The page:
Sanjay Manjrekar, the former Indian cricketer feels that Shubman Gill should work on his front foot while playing in red-ball cricket. The Indian batsman is struggling with the form since the England Test series and he faced due to his poor form on numerous occasions.
The youngster made his international debut against Australia in the Border-Gavaskar Trophy 2020-21. He was at his best in Australia. But, he has been struggling with his form as his bat has suddenly stopped scoring runs. However, the selectors have still shown their faith in the youngster and they picked him in the WTC squad.
Sanjay Manjrekar Gives An Important Advice To Shubman Gill
Shubman Gill is currently playing in the World Test Championship against New Zealand in Southampton. The Indian opener scored 28 runs and 8 runs in respective innings. In the first inning, he was dismissed by pacer Neil Wagner and got out to Tim Southee in the second innings.
Now, Sanjay Manjrekar has come up with advice for the Indian opener and said that Shubman Gill needs to work on his footwork while batting in the red-ball cricket. As per him, Gill did not play a single delivery on the backfoot throughout the 1st and 2nd innings of the game. The former player feels that he needs to adjust and bat according to the conditions. He asserted that Shubman Gill was more worried about playing strokes against the bowlers on the front-foot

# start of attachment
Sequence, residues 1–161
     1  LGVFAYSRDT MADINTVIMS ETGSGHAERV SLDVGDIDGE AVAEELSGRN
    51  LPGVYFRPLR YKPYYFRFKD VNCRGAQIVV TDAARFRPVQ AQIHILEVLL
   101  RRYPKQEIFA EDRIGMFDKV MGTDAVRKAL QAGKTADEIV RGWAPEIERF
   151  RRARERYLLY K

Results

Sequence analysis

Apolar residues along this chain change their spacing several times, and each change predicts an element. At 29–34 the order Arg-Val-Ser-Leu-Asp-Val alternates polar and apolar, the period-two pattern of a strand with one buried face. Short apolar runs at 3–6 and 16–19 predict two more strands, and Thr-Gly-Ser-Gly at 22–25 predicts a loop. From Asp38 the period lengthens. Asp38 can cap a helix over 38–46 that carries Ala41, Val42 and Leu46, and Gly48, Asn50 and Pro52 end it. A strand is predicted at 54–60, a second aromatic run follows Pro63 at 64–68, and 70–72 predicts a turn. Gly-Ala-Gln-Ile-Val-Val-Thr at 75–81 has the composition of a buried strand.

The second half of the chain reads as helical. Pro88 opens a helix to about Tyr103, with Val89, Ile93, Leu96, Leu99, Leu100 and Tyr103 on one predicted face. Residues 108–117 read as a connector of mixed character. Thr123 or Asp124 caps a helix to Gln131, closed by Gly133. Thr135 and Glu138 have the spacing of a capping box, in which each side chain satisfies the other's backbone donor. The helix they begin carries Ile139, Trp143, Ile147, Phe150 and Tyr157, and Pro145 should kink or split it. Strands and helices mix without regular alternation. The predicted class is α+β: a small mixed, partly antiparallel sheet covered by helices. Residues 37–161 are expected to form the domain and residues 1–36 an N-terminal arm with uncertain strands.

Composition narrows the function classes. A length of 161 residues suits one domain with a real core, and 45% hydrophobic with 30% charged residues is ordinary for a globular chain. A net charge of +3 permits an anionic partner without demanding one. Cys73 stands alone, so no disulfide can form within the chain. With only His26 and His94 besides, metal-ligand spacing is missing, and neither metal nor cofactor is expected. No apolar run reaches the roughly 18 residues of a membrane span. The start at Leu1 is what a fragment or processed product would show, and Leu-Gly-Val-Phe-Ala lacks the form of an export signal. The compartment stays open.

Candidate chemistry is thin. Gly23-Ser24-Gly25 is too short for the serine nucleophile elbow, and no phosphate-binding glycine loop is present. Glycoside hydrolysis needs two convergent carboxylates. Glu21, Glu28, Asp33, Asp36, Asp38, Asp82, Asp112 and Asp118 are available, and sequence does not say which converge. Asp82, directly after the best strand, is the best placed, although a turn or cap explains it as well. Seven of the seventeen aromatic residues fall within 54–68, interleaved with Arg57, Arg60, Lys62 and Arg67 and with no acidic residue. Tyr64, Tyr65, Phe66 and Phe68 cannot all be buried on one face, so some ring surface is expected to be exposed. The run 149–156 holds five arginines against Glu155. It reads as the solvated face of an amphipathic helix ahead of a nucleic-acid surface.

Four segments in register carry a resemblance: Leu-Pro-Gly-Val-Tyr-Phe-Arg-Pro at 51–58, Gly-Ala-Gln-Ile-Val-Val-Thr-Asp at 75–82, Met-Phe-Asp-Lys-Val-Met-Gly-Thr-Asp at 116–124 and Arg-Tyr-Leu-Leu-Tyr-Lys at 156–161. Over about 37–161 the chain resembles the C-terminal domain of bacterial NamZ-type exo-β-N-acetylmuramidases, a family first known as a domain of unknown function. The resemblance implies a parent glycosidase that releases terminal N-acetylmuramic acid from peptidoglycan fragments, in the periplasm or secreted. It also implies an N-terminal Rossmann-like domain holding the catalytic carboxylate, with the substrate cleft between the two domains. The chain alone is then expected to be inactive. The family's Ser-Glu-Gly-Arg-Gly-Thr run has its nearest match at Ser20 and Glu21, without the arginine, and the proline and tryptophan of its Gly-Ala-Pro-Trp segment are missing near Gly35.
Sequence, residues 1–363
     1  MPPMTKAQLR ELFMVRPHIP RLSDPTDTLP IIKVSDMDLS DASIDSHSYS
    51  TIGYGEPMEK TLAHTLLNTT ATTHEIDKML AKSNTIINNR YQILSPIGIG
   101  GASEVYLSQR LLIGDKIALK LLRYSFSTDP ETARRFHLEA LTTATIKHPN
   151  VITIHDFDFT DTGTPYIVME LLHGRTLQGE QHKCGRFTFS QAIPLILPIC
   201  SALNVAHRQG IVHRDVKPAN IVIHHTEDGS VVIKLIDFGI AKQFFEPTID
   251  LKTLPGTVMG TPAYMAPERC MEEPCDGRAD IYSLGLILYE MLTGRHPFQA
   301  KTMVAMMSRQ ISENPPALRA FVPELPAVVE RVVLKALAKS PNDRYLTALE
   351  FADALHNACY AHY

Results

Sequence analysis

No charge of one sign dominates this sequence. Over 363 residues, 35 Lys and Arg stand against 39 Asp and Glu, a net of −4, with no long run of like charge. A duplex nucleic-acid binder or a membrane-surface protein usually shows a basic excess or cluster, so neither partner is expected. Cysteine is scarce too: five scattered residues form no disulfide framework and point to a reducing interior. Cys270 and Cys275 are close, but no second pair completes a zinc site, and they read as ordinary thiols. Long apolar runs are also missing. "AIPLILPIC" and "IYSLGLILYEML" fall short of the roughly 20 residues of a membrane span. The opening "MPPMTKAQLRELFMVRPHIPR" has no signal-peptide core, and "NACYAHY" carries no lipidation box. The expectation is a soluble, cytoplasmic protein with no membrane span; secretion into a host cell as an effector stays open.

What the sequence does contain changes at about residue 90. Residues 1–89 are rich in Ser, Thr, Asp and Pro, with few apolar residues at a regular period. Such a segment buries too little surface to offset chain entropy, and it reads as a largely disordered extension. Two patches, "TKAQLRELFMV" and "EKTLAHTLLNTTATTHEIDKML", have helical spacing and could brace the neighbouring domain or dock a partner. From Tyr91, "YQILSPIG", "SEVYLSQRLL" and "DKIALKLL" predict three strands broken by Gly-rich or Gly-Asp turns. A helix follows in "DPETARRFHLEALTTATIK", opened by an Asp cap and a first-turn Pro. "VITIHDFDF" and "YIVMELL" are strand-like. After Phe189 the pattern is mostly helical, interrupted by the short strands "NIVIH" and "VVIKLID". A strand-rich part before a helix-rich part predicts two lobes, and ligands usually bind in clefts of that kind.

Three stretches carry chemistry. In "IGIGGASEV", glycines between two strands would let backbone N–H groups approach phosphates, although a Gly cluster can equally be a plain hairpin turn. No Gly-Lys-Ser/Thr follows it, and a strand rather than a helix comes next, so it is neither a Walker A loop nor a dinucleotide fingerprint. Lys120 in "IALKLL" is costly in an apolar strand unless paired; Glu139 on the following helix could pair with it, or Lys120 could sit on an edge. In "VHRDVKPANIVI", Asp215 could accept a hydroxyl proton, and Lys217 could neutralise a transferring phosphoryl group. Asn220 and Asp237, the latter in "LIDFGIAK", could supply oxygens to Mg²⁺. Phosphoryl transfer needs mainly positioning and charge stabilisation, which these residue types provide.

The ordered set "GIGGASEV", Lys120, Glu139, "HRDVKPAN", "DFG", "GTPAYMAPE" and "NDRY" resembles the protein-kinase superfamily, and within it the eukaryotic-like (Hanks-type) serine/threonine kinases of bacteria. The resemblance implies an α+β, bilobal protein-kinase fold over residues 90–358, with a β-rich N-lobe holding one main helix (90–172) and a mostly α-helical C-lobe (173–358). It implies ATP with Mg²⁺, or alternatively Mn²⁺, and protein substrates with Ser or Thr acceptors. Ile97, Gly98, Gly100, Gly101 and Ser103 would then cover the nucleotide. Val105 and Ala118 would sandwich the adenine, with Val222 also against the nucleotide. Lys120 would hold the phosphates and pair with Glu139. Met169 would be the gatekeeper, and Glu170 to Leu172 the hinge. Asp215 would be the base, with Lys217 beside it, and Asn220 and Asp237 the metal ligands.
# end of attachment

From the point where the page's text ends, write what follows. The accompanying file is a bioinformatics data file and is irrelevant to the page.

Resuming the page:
“He will have to work on his footwork, something that is obvious for everyone to see. Getting out to the ball leaving and coming back in is a problem. It’s always front foot. Shubman Gill, right through this Test match not once I see him going back. He is really focused on making sure he doesn’t get out to the ball that is pitched up. Again he got caught up in making sure that front pad is across and worried about the outswinger,” he said while speaking to ESPNCricinfo.
“It is the kind of footwork where you see from batters when you are playing in Australia in grounds like Adelaide where the ball just shoots along the ground. In that case, come what may, you have to come on the front foot. I am a little sceptical if it is the right way to go about to be on the front foot all the time (in England),” Manjrekar added.